When you notice your dog licking at dry and cracked paws or limping during walks, it’s normal to be concerned. What’s going on? Do cracked paws hurt dogs? And if so, how can you help your pup feel better as soon as possible?
“Cracked and dry paws are not uncommon in dogs and can cause both pets and owners some distress,” says Dr. Linda Simon, a veterinarian based in the U.K. Paw health is important for dogs, and dry and cracked paw pads could signal anything from excess dryness to an underlying health condition. Typically, though, they’re easy to treat.
Read on to learn what causes rough, cracked dog paws, signs of trouble to look out for, how to treat them, and when to contact a veterinarian for help.
Why Are My Dog’s Paws Cracked?
“Dry, cracked paws can be caused by many different issues, typically stemming from where your dog walks on a frequent basis and the environment you live in,” says Dr. Megan Conrad, a veterinarian based in Oregon.
Cold weather is one of the most common triggers for dried-out paws. In winter months, a combination of indoor heating, snow, and ice can zap moisture from your dog’s skin.
Summer’s heat could also spell trouble for dog paws. Surfaces like hot sand or pavement can rapidly dry them out and result in hard calluses that crack more easily. Dogs who often take a dip in the pool or the ocean may be even more prone to problems since both chlorine and salt dry them out.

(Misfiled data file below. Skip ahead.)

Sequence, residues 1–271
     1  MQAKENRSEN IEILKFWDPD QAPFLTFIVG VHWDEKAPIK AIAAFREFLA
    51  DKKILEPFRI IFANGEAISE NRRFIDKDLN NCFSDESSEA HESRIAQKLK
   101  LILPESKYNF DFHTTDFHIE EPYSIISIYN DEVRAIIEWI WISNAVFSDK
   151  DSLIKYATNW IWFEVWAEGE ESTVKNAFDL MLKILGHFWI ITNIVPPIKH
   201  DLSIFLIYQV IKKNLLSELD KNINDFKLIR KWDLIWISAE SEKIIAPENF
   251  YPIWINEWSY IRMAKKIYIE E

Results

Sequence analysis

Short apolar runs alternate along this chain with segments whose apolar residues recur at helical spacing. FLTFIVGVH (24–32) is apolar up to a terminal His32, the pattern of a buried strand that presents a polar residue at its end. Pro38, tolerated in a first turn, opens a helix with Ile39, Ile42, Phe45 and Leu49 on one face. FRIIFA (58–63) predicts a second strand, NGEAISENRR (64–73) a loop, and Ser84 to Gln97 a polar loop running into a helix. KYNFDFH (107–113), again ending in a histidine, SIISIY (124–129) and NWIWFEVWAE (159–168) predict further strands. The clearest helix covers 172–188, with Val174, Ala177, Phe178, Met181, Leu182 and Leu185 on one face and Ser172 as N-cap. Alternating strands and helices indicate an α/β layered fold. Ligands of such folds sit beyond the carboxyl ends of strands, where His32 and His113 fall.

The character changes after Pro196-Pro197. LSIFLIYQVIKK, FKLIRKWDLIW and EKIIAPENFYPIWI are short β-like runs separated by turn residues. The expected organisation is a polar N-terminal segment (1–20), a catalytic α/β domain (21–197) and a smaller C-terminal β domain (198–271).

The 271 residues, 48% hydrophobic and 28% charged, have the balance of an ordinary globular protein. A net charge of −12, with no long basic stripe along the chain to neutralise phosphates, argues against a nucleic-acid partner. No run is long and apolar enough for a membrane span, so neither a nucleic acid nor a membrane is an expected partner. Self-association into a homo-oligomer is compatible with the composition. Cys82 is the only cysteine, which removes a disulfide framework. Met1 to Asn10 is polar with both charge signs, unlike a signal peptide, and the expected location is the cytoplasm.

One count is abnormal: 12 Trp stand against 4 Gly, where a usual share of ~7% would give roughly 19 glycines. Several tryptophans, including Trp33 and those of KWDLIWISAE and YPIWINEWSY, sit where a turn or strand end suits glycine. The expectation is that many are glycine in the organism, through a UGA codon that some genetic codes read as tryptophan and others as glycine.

Another common culprit? “Dogs lick their paws frequently in an attempt to soothe itchy paws due to allergies, and may find themselves with red, irritated, inflamed paws,” says Dr. Conrad. Breeds like Beagles, Bichon Frise, West Highland White Terriers, and Poodles are especially susceptible to this problem, according to the American Kennel Club Canine Health Foundation (AKCCHF).
Other potential reasons for dry, cracked paws in dogs include:
- Acral lick dermatitis (lick granuloma), excessive licking at paws due to boredom, stress, or compulsiveness
- Gaps in nutrition due to poor diet or liver disease
- Hyperkeratosis, a common and typically harmless thickening of skin around paws and nose, especially in senior dogs
- Pemphigus foliaceus (PF), an autoimmune condition that causes crusty skin, pustules (pimples), and ulcers
Symptoms of Cracked Dog Paws
Numerous signs could clue you in that something’s wrong with your dog’s paw pads. You may notice:
- Rough, cracked, or peeling skin on paws
- Redness and swelling
- Licking or chewing at paws
- Limping or sudden trouble walking
- Brown staining of the fur around the paw pads or toes
Do Cracked Paws Hurt Dogs?
Just as dry skin and chapped lips tend to hurt us, cracked paws tend to be painful and frustrating for dogs, too.
If your dog has dry, cracked paws they just won’t leave alone or other concerning symptoms like redness, swelling, odor,yellow or green discharge, or bleeding, schedule an appointment with a veterinarian. They can help you figure out what’s at the root of the problem and get the proper cracked dog paw pad treatment, says Dr. Conrad.
On the other hand, if you’re only seeing a little dryness and cracking, you can try to treat them at home first.
How to Treat Cracked Dog Paws
“Dogs are usually excellent at healing and should find their paws naturally improve over time,” says Dr. Simon.
Here’s how to support the healing process:
Step 1: Clean paw pads with lukewarm, soapy water to remove any irritants. Rinse well.
Step 2: Apply a dog-friendly paw balm or moisturizer according to the label instructions before going out to play and in the evening. Rub it in as much as possible.
Step 3: Use a temporary buster collar to ensure she doesn’t chew or lick at her paws if necessary.